The Epicure’s Poop

According to my dictionary, the word “epicure” means “a person with refined tastes, especially in food or drink”.

David Ramsay, who writes The Epicure’s Fork for the Leader-Post might well be an epicure. But you sure can’t tell by the content of his weekly puff-pieces.

The Epicure’s Fork appears every Friday in the Leader-Post. Ramsay’s column is a tragic, under-seasoned and half-collapsed souffle — basically a boring business profile with a huge photo. I’m not sure what it’s supposed to be doing, but it’s obviously sure as hell not a restaurant review, as those have a little thing called criticism.

Did I say boring? That’s mean, I should let you judge for yourself. From today’s column about the restaurant Bavarian Forest:

Despite having strong German roots, Viktor and his wife, Olga, were attracted by the Canadian lifestyle and eventually made the decision to emigrate to this country.

About two years ago, they arrived in Regina, which they chose after travelling extensively through Western Canada. They saw an opportunity here to open an authentic Bavarian-style restaurant in a province with a large German population.

About a year ago, Victor started an extensive renovation of what had previously zzzzzzzzz.

Snore. About a year ago I fell asleep reading this junk. Dull as dust and an insult to the intelligence of Leader-Post readers (not to mention an embarrassment to the paper’s legitimate writers).

Every week  this column reads exactly like advertorial copy — to the point one wonders if Ramsay lets the owners of whatever restaurant is that week’s subject proof his columns. It’s not just appalling, it’s offensive to anyone interested in real criticism because it lowers the standards of critical discourse — I mean, just look at this one. Or this one. Or this one. I love a couple of these places and I wouldn’t publish this simpering pap.

Making things even more gruesome is the fact that Bavarian Forest is the subject of today’s daily Swarm Jam promotion. Maybe it’s a coincidence, maybe it’s not. You can decide for yourself. I’m guessing coincidence because I find it hard to believe that a respected, nearly 125-year-old daily newspaper would trash its credibility by exchanging favourable articles for a few crummy ad dollars.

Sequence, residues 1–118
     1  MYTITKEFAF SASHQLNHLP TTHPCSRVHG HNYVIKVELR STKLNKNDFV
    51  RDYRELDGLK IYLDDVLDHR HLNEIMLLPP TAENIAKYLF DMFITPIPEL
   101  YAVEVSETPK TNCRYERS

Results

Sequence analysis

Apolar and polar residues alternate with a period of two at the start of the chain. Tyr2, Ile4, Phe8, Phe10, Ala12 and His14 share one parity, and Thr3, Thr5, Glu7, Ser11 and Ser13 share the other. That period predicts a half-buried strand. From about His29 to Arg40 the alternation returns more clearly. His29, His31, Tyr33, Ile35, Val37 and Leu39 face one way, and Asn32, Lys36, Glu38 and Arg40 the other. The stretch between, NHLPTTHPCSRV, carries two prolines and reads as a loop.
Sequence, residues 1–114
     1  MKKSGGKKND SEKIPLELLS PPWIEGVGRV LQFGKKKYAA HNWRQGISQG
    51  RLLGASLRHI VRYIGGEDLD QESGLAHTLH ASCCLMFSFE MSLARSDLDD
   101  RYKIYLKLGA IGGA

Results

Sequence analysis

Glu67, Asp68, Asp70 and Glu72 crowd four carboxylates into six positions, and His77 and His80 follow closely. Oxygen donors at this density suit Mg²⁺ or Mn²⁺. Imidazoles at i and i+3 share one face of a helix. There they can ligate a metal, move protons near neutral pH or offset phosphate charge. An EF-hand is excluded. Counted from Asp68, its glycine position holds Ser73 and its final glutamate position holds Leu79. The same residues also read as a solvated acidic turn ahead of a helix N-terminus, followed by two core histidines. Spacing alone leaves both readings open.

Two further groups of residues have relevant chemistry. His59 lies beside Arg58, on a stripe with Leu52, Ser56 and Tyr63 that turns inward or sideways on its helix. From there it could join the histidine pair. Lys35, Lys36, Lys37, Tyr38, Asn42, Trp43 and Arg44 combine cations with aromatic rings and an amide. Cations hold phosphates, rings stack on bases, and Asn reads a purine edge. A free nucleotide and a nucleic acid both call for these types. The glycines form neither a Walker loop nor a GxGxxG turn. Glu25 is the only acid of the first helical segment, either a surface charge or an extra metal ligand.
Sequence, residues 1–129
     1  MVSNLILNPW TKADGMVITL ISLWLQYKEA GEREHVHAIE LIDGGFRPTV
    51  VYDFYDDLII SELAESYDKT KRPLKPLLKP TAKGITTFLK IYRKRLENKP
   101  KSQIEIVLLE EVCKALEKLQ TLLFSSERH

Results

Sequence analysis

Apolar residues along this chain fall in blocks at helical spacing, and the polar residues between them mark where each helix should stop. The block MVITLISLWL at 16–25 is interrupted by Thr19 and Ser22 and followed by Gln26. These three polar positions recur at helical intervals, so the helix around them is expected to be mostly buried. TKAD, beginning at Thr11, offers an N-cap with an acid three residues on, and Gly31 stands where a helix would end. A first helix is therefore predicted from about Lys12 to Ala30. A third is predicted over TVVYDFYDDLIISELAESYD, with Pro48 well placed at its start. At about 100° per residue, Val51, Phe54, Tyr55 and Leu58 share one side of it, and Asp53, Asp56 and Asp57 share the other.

This column needs to be cancelled. That’s all there is to it.

Author: Stephen Whitworth

Prairie Dog editor Stephen Whitworth will never, ever pass up a chance to make a Breakin' 2: Electric Boogaloo pun.

27 thoughts on “The Epicure’s Poop”

  1. prairie dog does restaurant reviews already, so why get all exercised because the “competition” writes puff pieces? You own the market, fellas.

  2. Barb: first off, I don’t want the LP to suck. I have friends working there. Besides, I want my town to have a good daily paper.

    Plus, every comedian needs a straight man.

    Second, readers might love our irregularly-appearing dining column. Restaurants, not so much. From a business standpoint, honest reviews such as we run are a bad idea and columns like this perpetrate that status quo by deforming advertiser expectations. You say we “own the market?” Ha ha ha, no. Hardly.

    The restaurants that DO advertise with us are heroes. Please support them.

    Bottom line: columns like this blur the difference between advertising and editorial. (If it was marked “advertorial”, I’d say go nuts. That’s fair. But it’s not.)

    The reason I’m picking on this particular installment is that the Swarm Jam tie-in just makes the whole thing look like a blowjob. If the Bavarian Kitchen was promised this article as part of an advertising buy–and I’m not suggesting or even hinting it was; I don’t know that–then the Leader-Post is not a newspaper. It’s a flyer. Simple as that.

    And Regina–not to mention the LP’s excellent reporters — deserves better than a daily flyer pretending it’s a newspaper.

  3. Me thinks thou protest too much Stephen, and I think this is a case of the kettle calling the pot black.

    The prairie dog prints “restaurant reviews”, but I don’t think I’ve ever seen a rating below 3 out of 5. So how realistic are your “reviews”? When every restaurant is at least average to excellent it kind of negates the validity of the reviews. Essentially, you’re printing an advertising piece – same as the LP. Certainly the Dog’s pieces aren’t as gushing, but really it’s the same thing.